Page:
|Description||The present study investigated the role of lexical and semantic access efficiency in predicting reading fluency levels in 32 second and third grade students (16 second grade/16 third grade). In a series of lexical and semantic decision tasks, reaction time (ms) and accuracy (proportion) were investigated as a function of lexical (nouns/verbs/nonwords) or semantic (plausible/implausible) categories and stimulus presentation rates. A reading fluency battery of standardized tests (Test of Word Reading Efficiency and the Gray Oral Reading Test – IV) was used to observe if the students‘ performance on the experimental tasks was related to their performance on standardized measures of reading fluency (single-word and contextual). For the lexical decision task, a main effect of presentation duration was found revealing that the slower presentation (350 ms) of the lexical stimuli (words) resulted in greater overall accuracy when compared to the faster presentation rate (100 ms). In addition, the children exhibited overall greater accuracy for the lexical decision task when responding to nouns in comparison to verbs. For the semantic decision task, a significant interaction of presentation duration X sentence type was found, characterized by a differential pattern for semantic decision accuracy for plausible sentences as a function of stimulus presentation duration. Accuracy for plausible sentences was higher for the longer presentation duration (1000 ms) and lower for the faster presentation duration (300 ms). The accuracy for the implausible sentences was not differentially affected by the two presentation duration rates.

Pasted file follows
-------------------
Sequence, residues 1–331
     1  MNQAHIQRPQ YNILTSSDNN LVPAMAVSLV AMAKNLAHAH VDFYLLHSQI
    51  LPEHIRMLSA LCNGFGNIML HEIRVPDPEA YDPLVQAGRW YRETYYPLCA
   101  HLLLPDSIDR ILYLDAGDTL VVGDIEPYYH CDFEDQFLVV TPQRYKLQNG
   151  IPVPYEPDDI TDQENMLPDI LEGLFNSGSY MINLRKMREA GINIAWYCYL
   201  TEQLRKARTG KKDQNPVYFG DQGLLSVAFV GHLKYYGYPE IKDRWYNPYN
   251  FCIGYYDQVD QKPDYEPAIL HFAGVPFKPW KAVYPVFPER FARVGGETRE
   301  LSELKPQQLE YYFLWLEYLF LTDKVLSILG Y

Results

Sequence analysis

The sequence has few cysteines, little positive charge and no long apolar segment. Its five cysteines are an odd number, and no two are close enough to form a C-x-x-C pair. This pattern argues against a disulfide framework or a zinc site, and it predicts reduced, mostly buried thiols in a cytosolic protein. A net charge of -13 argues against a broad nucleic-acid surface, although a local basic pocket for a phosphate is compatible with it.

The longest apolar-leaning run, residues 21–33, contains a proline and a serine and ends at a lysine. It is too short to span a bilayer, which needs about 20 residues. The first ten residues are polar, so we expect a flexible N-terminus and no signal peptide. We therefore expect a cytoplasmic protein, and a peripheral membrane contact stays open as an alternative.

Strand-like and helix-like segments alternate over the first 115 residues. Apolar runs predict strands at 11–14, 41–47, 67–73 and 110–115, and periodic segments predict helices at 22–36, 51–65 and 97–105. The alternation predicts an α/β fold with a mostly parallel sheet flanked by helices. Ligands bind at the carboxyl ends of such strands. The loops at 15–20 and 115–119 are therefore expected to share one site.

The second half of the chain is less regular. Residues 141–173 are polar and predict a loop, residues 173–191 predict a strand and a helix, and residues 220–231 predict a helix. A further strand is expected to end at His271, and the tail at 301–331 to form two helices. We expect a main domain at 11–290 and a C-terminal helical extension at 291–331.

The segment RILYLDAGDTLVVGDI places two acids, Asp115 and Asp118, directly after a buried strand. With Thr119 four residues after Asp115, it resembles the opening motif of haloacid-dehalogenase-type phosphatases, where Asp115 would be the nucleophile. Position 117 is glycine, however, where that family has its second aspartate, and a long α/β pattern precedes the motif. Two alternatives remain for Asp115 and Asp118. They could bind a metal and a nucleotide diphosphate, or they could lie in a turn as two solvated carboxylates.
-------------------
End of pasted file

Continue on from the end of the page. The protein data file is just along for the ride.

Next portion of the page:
Additional findings revealed significant correlations between standard scores on the Gray Oral Reading Test-4th Edition (Fluency Composite), the Test of Word Reading Efficiency (Total Word Reading Efficiency), and the reaction time data for both the lexical and semantic decision experimental tasks. Significant correlations were also revealed between standardized measures on the GORT-IV and TOWRE when correlated to decoding accuracy for both experimental tasks. These findings may suggest that lexical and semantic access efficiency serve as important underlying correlates when accounting for the variance in the development of reading fluency in second and third grade children. In addition, these findings support the notion that children at the developing fluency grade levels may need more time to process, comprehend and respond when decoding and comprehending text, while reading fluency is in the early stages of development.||en_US